The struggles, challenges and adversities that we face in our walk through life cannot be predicted or anticipated. Faith in Christ is the single-greatest resource we have in facing these struggles. My mom has always placed Christ first, and has set an example to her children by sincerely living her Faith. The lessons I’ve learned from her have made me a better man, a caring husband, and a loving father. I love my mother dearly and I am very grateful for the gift of faith she has helped instill in me. She has a beautiful soul and a blessed heart.
When I was young, I was bedridden for two weeks with pneumonia. Each day, my mother spoon-fed me broth, and checked on me every hour to flip me over to pound on my back to clear my lungs. She did this without complaint, always smiling, as if she had nothing better to do with her time. This was not unusual for her; I often remember her taking care of my sister and me when we were sick, despite maintaining a household and working two jobs, seven days a week to support us. I can still remember the smell of her chicken soup, which, to this day I believe is the best cure for the common cold. My mother has dedicated her life to following God’s will, even when it required self-sacrifice or disappointment. I will always look up to her as an example of what every mother should be: strong, loving and totally dedicated.
In 1981, my mother was diagnosed with a rare degenerative condition that causes her muscles to weaken over time and she was eventually confined to a wheelchair. In 1986 my father was diagnosed with terminal cancer. Staunchly independent, Mom insisted on caring for Dad at home until he died. I am sure that those were difficult years for my mother—years that could have easily made her depressed and bitter. But my mother’s complete resignation to live according to the Divine Will has always given her the courage to accept her situation in life without complaint.
Never inhibited by her “predicament” (as she calls it), Mom cheerfully gives of herself in love, particularly for her children. When I was in high school, relatives and friends commented about the great responsibility I had being the only child left at home to care for my mother. I hardly knew what they meant—Mom has always taken care of me, determined to help make my life fuller, happier, holier.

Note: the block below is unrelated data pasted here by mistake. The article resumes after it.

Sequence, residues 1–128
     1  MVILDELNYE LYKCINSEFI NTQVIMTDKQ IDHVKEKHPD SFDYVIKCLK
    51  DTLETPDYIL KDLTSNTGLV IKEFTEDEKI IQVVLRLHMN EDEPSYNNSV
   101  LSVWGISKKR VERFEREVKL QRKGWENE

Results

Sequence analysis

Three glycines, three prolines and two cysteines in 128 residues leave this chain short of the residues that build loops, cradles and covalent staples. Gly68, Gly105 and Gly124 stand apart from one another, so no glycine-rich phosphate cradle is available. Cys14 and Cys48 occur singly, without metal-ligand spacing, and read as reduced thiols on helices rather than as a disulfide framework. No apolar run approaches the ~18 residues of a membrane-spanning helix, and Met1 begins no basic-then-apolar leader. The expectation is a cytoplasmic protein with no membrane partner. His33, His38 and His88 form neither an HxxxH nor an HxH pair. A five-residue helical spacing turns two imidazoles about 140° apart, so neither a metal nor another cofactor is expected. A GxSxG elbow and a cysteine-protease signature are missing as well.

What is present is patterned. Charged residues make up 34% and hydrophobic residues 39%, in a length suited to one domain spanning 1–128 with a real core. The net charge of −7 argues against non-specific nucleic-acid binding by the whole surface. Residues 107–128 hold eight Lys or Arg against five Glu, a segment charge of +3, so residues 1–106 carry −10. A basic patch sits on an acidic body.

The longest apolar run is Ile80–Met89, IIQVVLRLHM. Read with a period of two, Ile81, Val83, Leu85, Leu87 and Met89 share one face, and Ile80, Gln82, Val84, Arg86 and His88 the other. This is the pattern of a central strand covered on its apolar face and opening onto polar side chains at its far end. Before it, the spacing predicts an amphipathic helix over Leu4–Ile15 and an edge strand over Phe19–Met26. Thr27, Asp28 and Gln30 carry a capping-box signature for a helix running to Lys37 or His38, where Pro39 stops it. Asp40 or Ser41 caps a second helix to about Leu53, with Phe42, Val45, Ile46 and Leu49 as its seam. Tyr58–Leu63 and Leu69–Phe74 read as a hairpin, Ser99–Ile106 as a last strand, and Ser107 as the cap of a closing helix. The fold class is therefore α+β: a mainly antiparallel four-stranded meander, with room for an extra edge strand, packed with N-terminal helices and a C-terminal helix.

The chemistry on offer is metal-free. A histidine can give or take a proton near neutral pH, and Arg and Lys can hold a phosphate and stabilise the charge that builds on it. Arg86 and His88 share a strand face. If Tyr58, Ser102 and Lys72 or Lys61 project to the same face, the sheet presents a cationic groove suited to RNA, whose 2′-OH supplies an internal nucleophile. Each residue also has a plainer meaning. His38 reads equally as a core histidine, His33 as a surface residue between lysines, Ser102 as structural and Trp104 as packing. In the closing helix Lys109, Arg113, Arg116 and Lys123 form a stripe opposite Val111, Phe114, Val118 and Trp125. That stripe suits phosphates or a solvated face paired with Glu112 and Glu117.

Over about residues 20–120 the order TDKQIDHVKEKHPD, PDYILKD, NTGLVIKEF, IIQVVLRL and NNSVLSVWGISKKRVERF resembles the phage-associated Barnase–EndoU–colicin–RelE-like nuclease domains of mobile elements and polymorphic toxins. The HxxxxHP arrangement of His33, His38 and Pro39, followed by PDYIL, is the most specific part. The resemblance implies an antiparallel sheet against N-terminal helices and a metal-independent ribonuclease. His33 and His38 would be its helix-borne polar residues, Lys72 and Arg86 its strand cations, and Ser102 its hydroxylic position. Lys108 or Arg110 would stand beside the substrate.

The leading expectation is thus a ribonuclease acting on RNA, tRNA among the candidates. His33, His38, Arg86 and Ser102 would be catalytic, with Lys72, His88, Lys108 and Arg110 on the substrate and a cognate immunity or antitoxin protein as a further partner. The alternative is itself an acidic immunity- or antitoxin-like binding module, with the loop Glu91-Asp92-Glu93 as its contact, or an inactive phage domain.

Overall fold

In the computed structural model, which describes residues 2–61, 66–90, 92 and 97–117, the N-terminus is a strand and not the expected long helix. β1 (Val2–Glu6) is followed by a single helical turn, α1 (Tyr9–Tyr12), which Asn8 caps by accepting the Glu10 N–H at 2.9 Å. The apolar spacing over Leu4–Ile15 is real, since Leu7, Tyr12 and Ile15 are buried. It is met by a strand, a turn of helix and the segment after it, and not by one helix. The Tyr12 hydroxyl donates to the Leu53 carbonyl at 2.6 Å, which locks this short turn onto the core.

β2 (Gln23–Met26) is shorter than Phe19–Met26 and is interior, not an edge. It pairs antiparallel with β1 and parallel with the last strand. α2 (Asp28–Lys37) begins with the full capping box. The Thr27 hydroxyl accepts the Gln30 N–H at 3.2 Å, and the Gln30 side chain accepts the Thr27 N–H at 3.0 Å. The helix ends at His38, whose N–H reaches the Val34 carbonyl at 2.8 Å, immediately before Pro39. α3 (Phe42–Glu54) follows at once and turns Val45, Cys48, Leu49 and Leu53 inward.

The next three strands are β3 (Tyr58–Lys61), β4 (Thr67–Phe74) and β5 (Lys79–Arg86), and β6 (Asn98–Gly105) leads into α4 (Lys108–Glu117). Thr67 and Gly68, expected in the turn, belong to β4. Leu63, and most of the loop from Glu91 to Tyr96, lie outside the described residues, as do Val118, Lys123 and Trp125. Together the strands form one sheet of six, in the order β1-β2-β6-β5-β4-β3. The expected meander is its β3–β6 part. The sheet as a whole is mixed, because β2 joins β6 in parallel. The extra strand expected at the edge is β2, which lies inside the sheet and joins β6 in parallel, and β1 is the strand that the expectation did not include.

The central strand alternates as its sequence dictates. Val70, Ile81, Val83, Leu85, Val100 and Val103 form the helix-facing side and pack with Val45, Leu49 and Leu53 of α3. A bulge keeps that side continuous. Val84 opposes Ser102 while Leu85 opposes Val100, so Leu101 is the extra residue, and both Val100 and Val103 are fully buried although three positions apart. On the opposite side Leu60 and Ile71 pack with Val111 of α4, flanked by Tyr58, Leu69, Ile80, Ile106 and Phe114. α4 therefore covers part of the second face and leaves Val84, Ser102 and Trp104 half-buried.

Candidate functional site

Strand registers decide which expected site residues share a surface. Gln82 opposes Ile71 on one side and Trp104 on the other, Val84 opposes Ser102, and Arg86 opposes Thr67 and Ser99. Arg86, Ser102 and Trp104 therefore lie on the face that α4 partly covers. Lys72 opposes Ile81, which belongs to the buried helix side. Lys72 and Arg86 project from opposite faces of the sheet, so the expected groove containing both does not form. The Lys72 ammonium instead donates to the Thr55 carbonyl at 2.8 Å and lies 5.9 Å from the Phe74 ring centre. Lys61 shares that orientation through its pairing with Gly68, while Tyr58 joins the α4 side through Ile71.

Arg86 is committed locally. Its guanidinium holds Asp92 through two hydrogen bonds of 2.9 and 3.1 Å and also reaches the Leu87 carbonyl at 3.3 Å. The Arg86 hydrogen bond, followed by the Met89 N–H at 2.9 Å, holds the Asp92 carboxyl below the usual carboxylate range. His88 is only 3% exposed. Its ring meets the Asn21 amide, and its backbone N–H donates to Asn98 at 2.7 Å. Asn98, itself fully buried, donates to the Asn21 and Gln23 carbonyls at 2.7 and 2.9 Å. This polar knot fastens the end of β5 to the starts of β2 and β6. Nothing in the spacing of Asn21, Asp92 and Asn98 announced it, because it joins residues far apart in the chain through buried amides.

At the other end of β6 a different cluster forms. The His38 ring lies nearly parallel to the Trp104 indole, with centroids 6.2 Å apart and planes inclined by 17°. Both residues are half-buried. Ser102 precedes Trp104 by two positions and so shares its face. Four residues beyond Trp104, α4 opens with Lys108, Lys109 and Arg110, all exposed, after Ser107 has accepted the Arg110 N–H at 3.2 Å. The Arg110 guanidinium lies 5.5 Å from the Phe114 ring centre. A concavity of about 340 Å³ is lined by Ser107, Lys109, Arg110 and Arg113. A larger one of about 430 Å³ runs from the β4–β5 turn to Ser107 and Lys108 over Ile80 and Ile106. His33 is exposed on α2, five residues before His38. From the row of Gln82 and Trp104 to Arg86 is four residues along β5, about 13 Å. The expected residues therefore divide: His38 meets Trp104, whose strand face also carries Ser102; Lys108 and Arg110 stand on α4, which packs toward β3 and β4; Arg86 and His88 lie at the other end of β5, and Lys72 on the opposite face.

This Mother’s Day I think of my tiny, heroic mother, and how she shows me my own smallness—my small faith. And I know she will continue to help me by being my example and inspiration.
My mom and I have had a lot of fun and made many memories. My favorite memory is a Christmas Eve a couple of years ago: My mom and I bought a battery-operated, assembly-required Jeep for my nephew, without realizing how difficult the assembly would be. So, there we were in our freezing-cold garage. I don’t know what it was, but we just couldn’t stop laughing or joking around long enough to get the job done. When we finally finished what we thought was the hard part, we realized that we had about 50 million pages of stickers to apply. For a while we considered just forgetting about the stickers, but we decided that would be a waste of money. So till the wee hours of Christmas morning, we meticulously placed all of the stickers on the Jeep. When we finally finished, I just had to take a test drive. So there I was, 21 years old, sitting on this tiny Jeep with the pedal to the metal. My mom almost died laughing. The look on my nephew’s face the next morning when he saw what Santa brought made a great experience even better.
My mother is raising twelve children. In the thirty-two years that she has been a full-time mom, she has provided each of her children with particular memories woven through joy, sorrow, faith and even the ridiculous. Everything at home was an experience in its fullest, from collecting our clothes Saturday night to be washed and pressed for Mass the next day, to blocking traffic and rolling a ten-foot galvanized pool three miles home so we might have somewhere to swim during the hot and humid summer months.
All of the memories of my mother form one amazing pattern of love, selflessness and consistency. Never once in my years have I heard my mother claim to need time alone, away from “the children.” Mom sought out any moment that could be spent with one of her twelve, making us feel favored and keeping our lives beautiful. Her mornings started early so that she might spend a few moments in the kitchen’s big rocking chair with each of us, and her quick trips to the grocery store became lengthy excursions as she always invited one of us along to spend time with her in the car— just talking. My mother was and is an endless source of time and attention, gentle caresses and moments of pure contentment.